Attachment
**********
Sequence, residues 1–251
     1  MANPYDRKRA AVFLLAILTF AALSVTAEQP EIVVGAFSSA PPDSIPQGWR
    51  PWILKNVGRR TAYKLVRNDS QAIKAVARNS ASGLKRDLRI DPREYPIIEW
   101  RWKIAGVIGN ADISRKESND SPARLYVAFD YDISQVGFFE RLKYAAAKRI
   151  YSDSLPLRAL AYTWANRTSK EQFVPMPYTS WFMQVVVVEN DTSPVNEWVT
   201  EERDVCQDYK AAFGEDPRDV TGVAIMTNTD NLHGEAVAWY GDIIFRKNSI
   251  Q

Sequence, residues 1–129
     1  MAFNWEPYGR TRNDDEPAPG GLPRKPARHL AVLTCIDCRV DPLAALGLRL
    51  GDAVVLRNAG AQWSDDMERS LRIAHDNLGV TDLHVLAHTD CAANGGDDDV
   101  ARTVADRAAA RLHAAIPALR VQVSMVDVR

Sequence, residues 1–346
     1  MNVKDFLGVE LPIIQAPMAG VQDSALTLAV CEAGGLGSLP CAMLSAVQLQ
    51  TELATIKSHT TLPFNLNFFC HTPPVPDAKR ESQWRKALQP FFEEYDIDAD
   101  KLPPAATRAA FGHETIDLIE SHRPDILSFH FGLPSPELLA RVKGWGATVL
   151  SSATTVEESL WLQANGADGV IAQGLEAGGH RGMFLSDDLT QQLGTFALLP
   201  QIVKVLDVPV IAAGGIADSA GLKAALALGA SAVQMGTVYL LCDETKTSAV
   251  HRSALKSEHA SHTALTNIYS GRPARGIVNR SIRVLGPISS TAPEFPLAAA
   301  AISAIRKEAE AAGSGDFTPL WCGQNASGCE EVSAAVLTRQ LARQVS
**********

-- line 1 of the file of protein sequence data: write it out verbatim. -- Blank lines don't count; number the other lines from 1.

Sequence, residues 1–251